“It’s amazing that this city is changing to yet another vapid manifestation of capitalism,” says Macuga, who grew up in the Eastern Bloc. “You could think 10 years ago when all the artists and intellectuals gathered here, that it would develop into something else. But it’s changing into a monster and that palace is a representation of this failure,” she says pointing out the window.
Looking back at her sculptures, she comments, “This relates to the end of time, but also to the lack of time—there’s a tribe in Malaysia that lives without the notion of time! Frankenstein and Darwin are here because it’s also about the limits of humanity from the evolutionary point of view, and the end of man, when it becomes something different than a human being.”
It’s in fact an interesting artistic device to replace a work in the middle of the show’s run. Having served as a sort of a prologue, the sculptures have now been replaced by the android, Macuga’s own Frankenstein.
Created by A-Lab in Japan, the very realistic looking humanoid blinks, moves his hands, and turns his head as he calmly recites a monologue pieced together from excerpts of history’s greatest orations as well as sci-fi narratives. He is a repository of human speech for a post-human world, enchanting whom ever is left around to listen with his soft but authoritative voice. Walking in on his speech is highly uncanny, for though he may spout the wisdom of ages, he’s suggestive of a future in which mankind has annihilated itself, and machines recite history’s lessons to avert further extinctions.
It’s seems like a logical extension of this vision that the artist would also approach the topic of human creativity in this coherent show as well. For the pavilion’s lower level, Macuga created the installation Before the Beginning and After the End, Beginning (2016), a collaboration with the artist Patrick Tresset.
Tresset developed a robotic arm that draws on a long paper scroll which is rolled out on a rectangular table that cuts across the space. Here, we see Macuga’s return to her initial practice of incorporating other artists’ work into new suggested environments and connections. She places artworks by different artists—such as Nina Canell, Daniel Silver, Jonathan Monk—along the table, mapping out an abbreviated run-through of human ingenuity dotted with man made artifacts. This installation, too, is a scaled down, more intimate version of a work seen at Prada Foundation.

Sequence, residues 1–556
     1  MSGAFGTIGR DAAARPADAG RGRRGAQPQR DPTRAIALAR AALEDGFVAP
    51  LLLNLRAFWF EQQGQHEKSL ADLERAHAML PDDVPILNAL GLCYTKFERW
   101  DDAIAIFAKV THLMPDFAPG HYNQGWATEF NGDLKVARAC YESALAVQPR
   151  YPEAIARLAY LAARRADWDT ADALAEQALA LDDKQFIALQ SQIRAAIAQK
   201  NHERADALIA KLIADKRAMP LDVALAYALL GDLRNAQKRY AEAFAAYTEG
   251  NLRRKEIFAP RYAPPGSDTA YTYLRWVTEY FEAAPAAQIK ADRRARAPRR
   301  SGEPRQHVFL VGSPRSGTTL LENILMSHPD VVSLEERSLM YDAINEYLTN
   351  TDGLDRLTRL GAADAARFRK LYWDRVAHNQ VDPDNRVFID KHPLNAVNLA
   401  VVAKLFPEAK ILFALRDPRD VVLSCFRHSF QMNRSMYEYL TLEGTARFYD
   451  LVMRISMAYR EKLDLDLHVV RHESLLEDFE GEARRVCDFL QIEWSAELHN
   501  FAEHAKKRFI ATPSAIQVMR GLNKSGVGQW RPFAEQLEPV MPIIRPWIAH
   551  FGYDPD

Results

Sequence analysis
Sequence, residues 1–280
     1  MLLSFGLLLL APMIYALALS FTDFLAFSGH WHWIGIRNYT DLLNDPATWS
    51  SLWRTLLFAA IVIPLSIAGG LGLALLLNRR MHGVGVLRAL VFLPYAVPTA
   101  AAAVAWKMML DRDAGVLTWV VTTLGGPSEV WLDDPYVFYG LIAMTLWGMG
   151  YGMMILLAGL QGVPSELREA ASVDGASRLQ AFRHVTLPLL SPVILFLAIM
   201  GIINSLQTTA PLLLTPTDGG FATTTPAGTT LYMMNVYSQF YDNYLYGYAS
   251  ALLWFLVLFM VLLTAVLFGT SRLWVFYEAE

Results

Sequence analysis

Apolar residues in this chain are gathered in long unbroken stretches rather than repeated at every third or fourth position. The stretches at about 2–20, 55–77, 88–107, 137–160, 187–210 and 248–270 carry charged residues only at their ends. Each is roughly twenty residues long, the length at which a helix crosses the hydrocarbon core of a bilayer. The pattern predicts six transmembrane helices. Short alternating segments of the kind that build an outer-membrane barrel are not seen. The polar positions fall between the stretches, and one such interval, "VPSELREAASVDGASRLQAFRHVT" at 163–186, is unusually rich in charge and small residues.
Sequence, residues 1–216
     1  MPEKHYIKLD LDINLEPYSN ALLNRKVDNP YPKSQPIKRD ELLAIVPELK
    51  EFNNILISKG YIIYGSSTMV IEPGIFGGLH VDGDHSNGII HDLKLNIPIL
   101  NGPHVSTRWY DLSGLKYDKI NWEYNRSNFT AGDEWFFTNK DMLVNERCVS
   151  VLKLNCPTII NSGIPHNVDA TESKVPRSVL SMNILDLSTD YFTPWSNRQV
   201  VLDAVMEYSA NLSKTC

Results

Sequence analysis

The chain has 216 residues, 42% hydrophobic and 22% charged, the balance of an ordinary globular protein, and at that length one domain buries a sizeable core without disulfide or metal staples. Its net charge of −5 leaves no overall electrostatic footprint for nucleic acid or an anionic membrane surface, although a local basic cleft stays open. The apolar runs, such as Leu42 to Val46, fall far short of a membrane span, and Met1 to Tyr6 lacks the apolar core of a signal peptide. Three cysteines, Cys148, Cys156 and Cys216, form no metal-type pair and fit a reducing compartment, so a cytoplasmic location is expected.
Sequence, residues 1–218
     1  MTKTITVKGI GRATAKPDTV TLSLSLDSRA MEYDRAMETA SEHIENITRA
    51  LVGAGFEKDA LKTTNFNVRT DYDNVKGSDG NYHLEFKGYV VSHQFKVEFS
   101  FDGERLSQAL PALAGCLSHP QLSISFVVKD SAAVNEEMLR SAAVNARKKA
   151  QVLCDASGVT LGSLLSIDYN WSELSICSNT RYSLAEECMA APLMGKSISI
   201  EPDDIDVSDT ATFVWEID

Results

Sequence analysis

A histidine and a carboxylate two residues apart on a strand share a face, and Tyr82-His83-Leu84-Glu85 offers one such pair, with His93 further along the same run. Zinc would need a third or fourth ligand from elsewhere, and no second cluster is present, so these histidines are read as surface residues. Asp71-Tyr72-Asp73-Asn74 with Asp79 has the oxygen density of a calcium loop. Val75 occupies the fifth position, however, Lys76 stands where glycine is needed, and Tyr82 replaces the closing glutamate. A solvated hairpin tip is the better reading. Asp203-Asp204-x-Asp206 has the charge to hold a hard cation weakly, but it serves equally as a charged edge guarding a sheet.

The robotic arm was fed with information such as the standard Einstein Big Bang model and gravitational equation, which it sketches line after staccatoed line on the scroll, while Canell’s work, pertaining to electricity, is placed in its vicinity. Planetary constellations, the creation of plants and animate beings and other concepts from the natural sciences or metaphysics are drawn by the machine, following a chronological order of sorts. The robot’s drawings conflate aeons, revealing a retrospective point of view, again, from a post-human time.
Here, Macuga probes the current limits of AI, as if asking, can the robots learn to be creative, inventive, observant? On the walls, she hung a drawing by Carl Andre, and another by Hanne Darboven, two artists who also proposed systems and categories in their work, where the dimension of time, however, is perceived from very human perspective.
Despite its proposing of a post human condition that benefits from our mistakes, this is an utterly “human” show that relies on first-hand experience, reactions, and emotions. You can almost feel the synapses in your brain firing up while making connections between the elements on display. The history of science and that of philosophy wouldn’t inspire the same feelings of awe, pleasure, and anxiety in machines, no matter how much you fine-tune the android.
Goshka Macuga, “Now this, is this the end … the end of the beginning or the beginning of the end?” is on view at the Schinkel Pavillon, Berlin from 3 June – 18 September, 2016.